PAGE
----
Chevron Richmond Refinery in

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The Chevron Richmond Refinery is a 2,900 acre petroleum refinery in Richmond, California, on San Francisco Bay. It is owned and operated by Chevron Corporation and employs more than 1,200 workers,



The refinery was established several years before the City of Richmond was incorporated in 1905. Construction on the refinery began in 1901 between the Potrero Hills and the marshlands in the Point Richmond District; the refinery was opened in 1902. The refinery was built by Standard Oil and its first headquarters was in an abandoned farm house at the former site of the Peters and Silva Farms. The complex was described as "colossal" at the time and to this day it remains a very large complex in its kind. The Richmond refinery was in an excellent position with its plentiful crude oil, state-of-art equipment and prime location to capitalize on the increased demand for petroleum products on the West Coast. By 1915, the refinery spread across 435 acre, employed 1,700 workers, and had a capacity of 60000 oilbbl a day. Not only did the refinery produce transportation fuels, it also had a grease plant, an asphaltum plant, a can factory, a barrel works, a machine shop and a tank car repair shop.

The postwar years were also marked by a dramatic increase in demand for petrochemicals to serve as the building blocks for hundreds of essential consumer products. In 1951, a new unit was constructed to manufacture paraxylene, a basic material used for making synthetic fibers, as was the first of its kind to produce the chemical from petroleum. The West coast's first phenol plant was completed in 1954 for the production of lubricating oil and lubricating oil additive, resins and plastic, and plywood adhesives. A year later, another chemical plant for the manufacture of isophtalic was constructed, the first in the US. Isophtalic is a chemical intermediate used in plastics and surface coatings. In 1960, construction began on a $17 million complex for production of para- and orthoxylenes, important chemical intermediates, at the Richmond refinery. Another major project increased the capacity for production of alpha olefins, used extensively in the manufacture of "soft" detergents, lubricant additives, plastics and plasticizers.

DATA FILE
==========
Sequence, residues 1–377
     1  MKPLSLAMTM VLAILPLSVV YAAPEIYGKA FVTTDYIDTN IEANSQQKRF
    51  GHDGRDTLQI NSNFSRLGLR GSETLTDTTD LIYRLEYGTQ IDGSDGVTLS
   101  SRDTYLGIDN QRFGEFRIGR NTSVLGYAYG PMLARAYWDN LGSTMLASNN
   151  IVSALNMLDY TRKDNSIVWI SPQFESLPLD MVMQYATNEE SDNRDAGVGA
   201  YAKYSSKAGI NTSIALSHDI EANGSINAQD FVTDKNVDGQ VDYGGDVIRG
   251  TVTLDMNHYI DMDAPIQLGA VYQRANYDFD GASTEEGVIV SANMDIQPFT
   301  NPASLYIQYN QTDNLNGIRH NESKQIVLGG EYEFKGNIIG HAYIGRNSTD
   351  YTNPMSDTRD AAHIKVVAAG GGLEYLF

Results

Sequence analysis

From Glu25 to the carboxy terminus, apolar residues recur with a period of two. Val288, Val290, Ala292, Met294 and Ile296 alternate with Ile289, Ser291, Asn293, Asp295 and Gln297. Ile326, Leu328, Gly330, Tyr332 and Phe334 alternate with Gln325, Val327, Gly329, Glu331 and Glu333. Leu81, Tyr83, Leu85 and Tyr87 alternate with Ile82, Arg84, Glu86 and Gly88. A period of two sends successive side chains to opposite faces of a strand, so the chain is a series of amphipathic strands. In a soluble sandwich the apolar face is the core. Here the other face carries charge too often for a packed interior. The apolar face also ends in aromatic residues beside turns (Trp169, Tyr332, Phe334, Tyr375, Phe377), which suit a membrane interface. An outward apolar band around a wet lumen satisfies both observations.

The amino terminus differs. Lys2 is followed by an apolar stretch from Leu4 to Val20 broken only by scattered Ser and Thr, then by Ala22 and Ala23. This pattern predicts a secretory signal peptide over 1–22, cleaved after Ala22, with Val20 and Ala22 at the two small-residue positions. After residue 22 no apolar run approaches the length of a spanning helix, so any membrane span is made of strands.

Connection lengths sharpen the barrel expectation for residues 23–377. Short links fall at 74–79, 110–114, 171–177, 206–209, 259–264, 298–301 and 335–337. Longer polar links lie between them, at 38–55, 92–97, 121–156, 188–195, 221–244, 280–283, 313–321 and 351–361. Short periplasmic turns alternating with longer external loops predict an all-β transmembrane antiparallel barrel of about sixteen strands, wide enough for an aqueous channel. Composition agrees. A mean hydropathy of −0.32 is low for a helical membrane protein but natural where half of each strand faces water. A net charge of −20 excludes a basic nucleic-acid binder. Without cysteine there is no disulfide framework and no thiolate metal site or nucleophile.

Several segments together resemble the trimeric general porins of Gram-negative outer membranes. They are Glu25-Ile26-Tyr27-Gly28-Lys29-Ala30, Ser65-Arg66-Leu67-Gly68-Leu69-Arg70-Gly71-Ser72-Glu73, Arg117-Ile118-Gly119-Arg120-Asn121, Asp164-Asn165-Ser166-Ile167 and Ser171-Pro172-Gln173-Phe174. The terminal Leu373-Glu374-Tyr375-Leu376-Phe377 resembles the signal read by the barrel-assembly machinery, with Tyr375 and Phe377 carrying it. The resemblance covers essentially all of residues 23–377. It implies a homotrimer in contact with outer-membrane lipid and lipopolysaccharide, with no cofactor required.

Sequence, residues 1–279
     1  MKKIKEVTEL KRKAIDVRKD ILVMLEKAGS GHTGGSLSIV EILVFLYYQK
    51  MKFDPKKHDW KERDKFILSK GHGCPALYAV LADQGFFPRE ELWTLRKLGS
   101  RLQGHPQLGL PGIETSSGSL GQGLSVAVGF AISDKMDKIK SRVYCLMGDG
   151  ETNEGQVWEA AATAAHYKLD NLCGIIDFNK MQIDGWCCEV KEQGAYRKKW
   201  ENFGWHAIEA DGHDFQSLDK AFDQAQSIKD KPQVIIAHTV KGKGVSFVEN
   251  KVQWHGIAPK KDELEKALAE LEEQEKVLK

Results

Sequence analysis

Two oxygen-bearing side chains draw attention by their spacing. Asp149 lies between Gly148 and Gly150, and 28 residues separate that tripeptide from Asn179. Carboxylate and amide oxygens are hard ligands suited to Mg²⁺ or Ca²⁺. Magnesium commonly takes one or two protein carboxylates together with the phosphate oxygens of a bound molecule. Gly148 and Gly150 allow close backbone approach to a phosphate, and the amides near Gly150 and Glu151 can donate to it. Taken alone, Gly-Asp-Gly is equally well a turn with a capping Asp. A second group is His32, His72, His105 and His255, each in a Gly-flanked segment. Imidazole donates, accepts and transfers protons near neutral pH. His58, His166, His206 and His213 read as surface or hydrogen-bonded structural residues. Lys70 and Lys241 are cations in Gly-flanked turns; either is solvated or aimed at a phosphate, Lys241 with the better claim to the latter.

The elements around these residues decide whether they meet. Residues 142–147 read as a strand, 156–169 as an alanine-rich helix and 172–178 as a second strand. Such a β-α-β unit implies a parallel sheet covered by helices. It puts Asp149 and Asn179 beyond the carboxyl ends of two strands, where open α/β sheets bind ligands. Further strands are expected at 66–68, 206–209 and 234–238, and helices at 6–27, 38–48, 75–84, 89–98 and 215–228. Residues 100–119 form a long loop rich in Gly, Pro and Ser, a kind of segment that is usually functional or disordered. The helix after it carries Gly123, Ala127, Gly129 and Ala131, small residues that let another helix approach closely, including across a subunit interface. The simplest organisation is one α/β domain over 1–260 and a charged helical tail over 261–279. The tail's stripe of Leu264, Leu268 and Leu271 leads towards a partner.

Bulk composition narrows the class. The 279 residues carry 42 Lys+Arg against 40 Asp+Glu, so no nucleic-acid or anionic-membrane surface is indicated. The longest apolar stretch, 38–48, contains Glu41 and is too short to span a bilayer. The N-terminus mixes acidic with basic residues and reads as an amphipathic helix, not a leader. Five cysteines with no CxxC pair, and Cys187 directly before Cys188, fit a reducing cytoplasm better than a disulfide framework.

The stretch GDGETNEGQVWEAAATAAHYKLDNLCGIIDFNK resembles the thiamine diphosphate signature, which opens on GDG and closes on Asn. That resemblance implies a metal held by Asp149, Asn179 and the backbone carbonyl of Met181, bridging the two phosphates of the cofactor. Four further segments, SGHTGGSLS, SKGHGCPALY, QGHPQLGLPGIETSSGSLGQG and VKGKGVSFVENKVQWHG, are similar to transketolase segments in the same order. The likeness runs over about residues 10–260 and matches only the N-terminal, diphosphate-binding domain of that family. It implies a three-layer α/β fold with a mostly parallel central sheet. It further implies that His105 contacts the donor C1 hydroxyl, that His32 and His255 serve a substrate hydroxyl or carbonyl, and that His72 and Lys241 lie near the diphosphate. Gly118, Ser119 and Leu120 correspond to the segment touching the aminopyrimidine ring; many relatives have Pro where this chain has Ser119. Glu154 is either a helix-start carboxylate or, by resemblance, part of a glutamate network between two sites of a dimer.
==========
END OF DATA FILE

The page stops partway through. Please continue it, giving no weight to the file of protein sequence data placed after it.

In 1979, a worldwide shortage of crude oil, along with a shift in the availability of quality crudes, presented challenges to manufacturing operations. Chevron invested in the Richmond refinery, improving their flexibility for handling different types of crude oil, responding to changing product standards, installing energy conservation equipment, and complying with environmental or regulatory requirements. A $17 million direct digital computer control system was first installed in the Isomax plant, and later expanded to include all plants.

In 2002, the 100th anniversary of the Richmond refinery, the plant had over 1,300 employees, covered 2900 acre, operated 30 plants, and had the ability to move 340000 oilbbl per day of raw materials and finished products across its long wharf. By 2006, the refinery had a capacity of 225000 oilbbl a day and processed more crude oil than any other plant in the Bay Area and ranked among the major refineries in the U.S. These efforts are epitomized by Chevron's SMART (Save Money and Reduce Toxins) project, which reduced hazardous waste levels by more than 60 percent from 1986 through 1990 and cut freshwater usage by 30 percent in that same period. The refinery has also restored the Wildcat Creek Marsh, a 250 acre natural wetland by forming slough channels to the saltwater marsh that had been cut off by years of sediment deposits. The wetlands provide a habitat for two endangered species, the Salt Harvest Mouse and the California Clapper Rail.